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Biophys J. 2010 Aug 4;99(3):961-70. doi: 10.1016/j.bpj.2010.04.063.

Optimizing methods to recover absolute FRET efficiency from immobilized single molecules.

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Department of Pharmacology, Stony Brook University, Stony Brook, New York, USA.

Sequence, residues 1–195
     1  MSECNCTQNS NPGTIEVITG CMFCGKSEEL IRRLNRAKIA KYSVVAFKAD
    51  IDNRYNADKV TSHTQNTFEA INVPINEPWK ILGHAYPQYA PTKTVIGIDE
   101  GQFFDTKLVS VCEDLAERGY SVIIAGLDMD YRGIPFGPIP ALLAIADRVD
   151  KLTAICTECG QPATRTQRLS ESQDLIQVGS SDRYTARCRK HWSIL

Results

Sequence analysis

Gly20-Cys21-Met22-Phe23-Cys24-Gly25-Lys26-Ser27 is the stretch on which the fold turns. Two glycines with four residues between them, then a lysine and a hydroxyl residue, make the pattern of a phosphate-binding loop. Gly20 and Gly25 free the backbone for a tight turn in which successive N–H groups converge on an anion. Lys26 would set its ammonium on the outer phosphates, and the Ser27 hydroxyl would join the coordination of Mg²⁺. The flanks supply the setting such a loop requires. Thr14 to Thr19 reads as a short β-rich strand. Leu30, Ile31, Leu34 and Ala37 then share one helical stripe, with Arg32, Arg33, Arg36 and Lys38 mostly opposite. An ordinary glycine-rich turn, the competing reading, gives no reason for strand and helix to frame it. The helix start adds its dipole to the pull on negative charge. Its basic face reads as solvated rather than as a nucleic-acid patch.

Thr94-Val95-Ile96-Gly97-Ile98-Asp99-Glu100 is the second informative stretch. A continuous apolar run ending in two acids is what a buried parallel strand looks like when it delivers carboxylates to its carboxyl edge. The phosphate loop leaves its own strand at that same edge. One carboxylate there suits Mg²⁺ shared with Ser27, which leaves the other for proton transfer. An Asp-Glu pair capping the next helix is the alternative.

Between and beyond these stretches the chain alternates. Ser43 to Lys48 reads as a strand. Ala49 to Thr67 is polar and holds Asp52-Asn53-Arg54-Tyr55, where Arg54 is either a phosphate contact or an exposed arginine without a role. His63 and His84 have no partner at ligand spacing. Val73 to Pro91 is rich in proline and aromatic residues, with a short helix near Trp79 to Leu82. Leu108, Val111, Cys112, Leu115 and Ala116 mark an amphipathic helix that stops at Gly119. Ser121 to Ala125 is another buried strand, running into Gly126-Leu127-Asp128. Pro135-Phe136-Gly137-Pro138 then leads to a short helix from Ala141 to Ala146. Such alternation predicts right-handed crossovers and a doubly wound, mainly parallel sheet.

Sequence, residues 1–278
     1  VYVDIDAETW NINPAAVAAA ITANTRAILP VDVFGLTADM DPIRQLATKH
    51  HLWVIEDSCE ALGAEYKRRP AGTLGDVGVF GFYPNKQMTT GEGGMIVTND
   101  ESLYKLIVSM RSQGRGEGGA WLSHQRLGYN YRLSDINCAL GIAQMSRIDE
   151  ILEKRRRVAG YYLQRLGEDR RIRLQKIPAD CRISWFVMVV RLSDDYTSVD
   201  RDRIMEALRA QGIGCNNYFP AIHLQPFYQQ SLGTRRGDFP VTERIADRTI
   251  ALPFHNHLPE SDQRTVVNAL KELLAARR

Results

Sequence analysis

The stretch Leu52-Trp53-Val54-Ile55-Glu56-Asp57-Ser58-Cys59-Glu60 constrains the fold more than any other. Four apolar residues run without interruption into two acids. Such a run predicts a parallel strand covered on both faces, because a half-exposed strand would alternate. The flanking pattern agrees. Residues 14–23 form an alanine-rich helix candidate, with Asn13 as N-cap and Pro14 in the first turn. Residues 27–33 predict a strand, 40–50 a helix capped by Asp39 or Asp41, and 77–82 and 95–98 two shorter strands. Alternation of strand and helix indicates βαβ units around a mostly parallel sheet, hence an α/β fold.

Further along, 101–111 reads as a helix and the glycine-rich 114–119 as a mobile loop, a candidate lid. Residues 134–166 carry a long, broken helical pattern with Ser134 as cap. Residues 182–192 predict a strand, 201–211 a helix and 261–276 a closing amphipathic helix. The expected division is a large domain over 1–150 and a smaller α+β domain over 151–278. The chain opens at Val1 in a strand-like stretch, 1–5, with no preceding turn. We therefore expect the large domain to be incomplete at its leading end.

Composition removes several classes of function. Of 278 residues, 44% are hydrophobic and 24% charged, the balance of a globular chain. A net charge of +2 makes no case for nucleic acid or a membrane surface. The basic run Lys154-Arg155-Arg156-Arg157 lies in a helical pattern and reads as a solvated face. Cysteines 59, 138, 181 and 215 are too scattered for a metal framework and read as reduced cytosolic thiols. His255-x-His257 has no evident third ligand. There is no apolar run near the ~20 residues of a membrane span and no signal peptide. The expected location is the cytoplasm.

Microscopy-based fluorescence resonance energy transfer (FRET) experiments measure donor and acceptor intensities by isolating these signals with a series of optical elements. Because this filtering discards portions of the spectrum, the observed FRET efficiency is dependent on the set of filters in use. Similarly, observed FRET efficiency is also affected by differences in fluorophore quantum yield. Recovering the absolute FRET efficiency requires normalization for these effects to account for differences between the donor and acceptor fluorophores in their quantum yield and detection efficiency. Without this correction, FRET is consistent across multiple experiments only if the photophysical and instrument properties remain unchanged. Here we present what is, to our knowledge, the first systematic study of methods to recover the true FRET efficiency using DNA rulers with known fluorophore separations. We varied optical elements to purposefully alter observed FRET and examined protein samples to achieve quantum yields distinct from those in the DNA samples. Correction for calculated instrument transmission reduced FRET deviations, which can facilitate comparison of results from different instruments. Empirical normalization was more effective but required significant effort. Normalization based on single-molecule photobleaching was the most effective depending on how it is applied. Surprisingly, per-molecule gamma-normalization reduced the peak width in the DNA FRET distribution because anomalous gamma-values correspond to FRET outliers. Thus, molecule-to-molecule variation in gamma has an unrecognized effect on the FRET distribution that must be considered to extract information on sample dynamics from the distribution width.

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